Caring for a Newborn Puppy – Newborn to 1 Week Old

A newborn puppy is completely dependent on its mother. The first week of puppy life is mainly about sleeping and eating, so it will thrive.

The birth of a puppy is an exciting time. It’s nice to see a mother taking care of her newborn babies, especially in the early stages of life.

All You Need to Know about Puppies

Newborn Puppies should remain with their littermates and mother until about eight to 12 weeks of age. However, it is most important to be a mother during the first few weeks of life. A newborn puppy that has been separated from its mother will need human intervention. Raising a newborn puppy requires a lot of time and intensive care. It’s not exactly the same thing as taking care of a young puppy.

A newborn puppy is completely dependent on its mother. The 1st week of a puppy’s life is mainly about sleeping and eating, so it will thrive.

The birth of a puppy is an exciting time. It’s nice to see a mother taking care of her newborn babies, especially in the early stages of life.

Newborn Puppy Physical Development

Newborn Puppies are born with closed ears and eyes. They cannot see and hear very little, if at all. Yet they are capable of making noise that sounds high-pitched. They do not have teeth at birth and are unable to walk. Newborn puppies are unable to defecate or urinate on their own. A newborn puppy cannot regulate its body temperature.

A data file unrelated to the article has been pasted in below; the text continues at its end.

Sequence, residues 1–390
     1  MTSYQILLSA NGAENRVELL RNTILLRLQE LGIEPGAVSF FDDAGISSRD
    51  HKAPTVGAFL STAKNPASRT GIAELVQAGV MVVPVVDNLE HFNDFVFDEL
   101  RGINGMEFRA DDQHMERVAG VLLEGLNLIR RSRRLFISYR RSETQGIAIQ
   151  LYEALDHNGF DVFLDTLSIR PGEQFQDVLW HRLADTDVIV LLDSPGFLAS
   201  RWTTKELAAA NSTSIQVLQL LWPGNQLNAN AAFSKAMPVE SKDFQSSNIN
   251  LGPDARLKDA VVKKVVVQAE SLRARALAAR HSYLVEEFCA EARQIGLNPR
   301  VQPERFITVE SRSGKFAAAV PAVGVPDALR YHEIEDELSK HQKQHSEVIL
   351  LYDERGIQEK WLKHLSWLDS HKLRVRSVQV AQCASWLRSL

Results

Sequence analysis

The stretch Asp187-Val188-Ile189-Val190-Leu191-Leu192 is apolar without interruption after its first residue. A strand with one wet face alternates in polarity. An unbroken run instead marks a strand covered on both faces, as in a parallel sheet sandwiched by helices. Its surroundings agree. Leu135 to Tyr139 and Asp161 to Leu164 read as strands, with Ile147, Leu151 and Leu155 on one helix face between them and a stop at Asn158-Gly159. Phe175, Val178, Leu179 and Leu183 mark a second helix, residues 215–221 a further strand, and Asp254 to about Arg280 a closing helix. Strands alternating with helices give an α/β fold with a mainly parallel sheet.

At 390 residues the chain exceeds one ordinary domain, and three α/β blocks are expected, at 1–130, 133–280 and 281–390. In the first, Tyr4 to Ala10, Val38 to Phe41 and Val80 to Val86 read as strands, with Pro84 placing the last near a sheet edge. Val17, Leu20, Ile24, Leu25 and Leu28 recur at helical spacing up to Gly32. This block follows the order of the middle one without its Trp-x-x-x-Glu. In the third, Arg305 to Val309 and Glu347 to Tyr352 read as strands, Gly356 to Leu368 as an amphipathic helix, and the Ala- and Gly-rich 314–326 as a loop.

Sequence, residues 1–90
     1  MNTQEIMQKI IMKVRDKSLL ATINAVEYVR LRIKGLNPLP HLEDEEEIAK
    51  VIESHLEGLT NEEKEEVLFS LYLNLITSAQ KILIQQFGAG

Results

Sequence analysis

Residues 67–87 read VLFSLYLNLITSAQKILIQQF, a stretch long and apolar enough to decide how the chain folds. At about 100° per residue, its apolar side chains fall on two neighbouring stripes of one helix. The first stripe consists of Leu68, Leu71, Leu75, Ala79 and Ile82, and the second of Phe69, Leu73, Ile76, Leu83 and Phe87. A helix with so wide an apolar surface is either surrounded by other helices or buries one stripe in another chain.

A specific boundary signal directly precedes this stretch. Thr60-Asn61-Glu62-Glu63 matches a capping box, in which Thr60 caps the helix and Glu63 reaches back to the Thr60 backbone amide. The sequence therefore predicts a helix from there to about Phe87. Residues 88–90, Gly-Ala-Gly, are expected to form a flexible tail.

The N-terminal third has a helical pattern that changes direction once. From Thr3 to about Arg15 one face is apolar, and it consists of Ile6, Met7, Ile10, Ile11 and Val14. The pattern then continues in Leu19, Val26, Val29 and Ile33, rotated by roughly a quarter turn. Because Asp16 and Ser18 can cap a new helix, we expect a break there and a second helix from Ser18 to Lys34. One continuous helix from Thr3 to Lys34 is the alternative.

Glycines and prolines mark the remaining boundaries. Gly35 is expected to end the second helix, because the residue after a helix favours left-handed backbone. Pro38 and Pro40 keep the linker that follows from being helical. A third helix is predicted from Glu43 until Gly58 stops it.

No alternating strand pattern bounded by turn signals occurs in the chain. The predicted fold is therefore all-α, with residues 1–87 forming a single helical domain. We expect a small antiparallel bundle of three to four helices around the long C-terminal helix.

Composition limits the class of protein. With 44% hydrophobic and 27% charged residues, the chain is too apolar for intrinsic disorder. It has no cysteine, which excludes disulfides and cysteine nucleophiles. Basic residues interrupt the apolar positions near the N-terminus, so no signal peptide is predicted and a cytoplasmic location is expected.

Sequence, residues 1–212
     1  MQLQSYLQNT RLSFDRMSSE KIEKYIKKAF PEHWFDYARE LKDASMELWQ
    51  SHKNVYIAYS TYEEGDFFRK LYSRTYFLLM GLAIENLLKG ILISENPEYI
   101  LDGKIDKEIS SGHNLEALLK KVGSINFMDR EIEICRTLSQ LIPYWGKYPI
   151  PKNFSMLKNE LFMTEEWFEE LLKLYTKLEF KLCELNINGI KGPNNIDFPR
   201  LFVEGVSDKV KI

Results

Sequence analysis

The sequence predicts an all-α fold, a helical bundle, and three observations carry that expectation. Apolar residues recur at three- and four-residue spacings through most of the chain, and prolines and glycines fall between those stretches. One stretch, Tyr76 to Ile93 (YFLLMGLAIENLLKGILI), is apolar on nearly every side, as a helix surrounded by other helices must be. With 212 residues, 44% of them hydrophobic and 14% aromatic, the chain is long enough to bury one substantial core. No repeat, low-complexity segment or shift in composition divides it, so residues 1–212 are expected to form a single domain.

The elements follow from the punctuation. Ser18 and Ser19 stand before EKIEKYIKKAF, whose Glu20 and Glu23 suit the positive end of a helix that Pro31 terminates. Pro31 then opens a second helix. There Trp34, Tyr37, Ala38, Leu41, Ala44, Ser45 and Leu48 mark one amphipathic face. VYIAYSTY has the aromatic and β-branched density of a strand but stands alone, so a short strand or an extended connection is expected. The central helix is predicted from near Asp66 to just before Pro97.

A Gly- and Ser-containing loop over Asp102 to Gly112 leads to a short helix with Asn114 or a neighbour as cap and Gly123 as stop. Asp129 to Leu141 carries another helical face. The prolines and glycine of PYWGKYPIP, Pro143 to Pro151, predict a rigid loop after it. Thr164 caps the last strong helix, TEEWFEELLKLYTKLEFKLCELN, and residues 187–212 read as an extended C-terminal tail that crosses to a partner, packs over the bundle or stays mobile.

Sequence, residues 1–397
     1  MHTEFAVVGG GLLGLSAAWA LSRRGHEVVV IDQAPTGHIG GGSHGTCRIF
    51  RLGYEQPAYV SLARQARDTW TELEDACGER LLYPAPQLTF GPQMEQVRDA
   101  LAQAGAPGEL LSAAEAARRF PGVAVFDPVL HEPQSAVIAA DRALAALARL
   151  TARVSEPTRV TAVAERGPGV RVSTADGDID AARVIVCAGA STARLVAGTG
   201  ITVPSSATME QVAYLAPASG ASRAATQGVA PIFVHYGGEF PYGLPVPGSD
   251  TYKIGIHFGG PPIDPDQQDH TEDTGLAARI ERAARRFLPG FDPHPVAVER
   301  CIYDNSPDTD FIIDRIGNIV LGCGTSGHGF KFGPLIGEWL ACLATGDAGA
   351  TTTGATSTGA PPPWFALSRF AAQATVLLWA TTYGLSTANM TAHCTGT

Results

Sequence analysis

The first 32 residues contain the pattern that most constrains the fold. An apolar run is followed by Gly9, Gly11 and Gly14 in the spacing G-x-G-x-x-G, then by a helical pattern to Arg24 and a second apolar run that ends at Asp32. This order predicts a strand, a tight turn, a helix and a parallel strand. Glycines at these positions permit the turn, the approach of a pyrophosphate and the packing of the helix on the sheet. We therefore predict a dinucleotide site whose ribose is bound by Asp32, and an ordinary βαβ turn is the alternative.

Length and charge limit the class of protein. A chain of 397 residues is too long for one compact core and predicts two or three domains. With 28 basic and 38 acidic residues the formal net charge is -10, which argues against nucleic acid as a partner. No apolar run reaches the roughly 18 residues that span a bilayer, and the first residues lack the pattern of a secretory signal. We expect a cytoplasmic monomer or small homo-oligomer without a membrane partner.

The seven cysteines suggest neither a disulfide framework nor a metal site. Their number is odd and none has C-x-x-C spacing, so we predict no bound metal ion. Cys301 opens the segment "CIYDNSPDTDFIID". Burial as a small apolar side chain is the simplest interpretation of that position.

Most newborn puppies are able to instinctively find their mother’s nipples and begin weaning soon after birth or from home. Once cleared (by the mother’s or human hand), they will crawl to the mother’s warm belly, find the nipple, and begin suckling.

With proper feeding and mother’s care, a newborn puppy should double its weight in the first ten days of its life.

Fun facts

Behavior Changes

Newborn puppies will spend about 90% time sleeping in the first few weeks of life. That is, more than 22 hours a day, but sleep does not come together. Puppies will nap throughout the day and night, warmed by littermates and the mother’s body heat. Between her naps, they spend the rest of the time being prepared by mom and eating. Newborn puppies eat approximately every two hours or more.

Since newborn puppies can’t see, hear or walk, they don’t have much to explore. Puppy’s world is all about mom, box, and the littermates they all sleep in.

Newborn Puppy Health and Care

During the 1st few weeks of a puppy’s life, the mother dog spends most of her time providing food and care. The mother keeps her newborn puppies clean and nurses them. She licks each puppy’s anus and genitals to encourage urination and defecation.

During this time, humans can gradually hold and pet the puppies for short periods of time, as long as it does not bother the mother dog. Human contact is more likely to be welcome if those humans are part of the mother dog’s family.

In general, it’s best to let the mom do her work and just let the pups do the petting. However, there are situations where the puppy’s mother is unable to care for her pups. Or, the mother may be doing well, but one or more of the pups is not growing properly.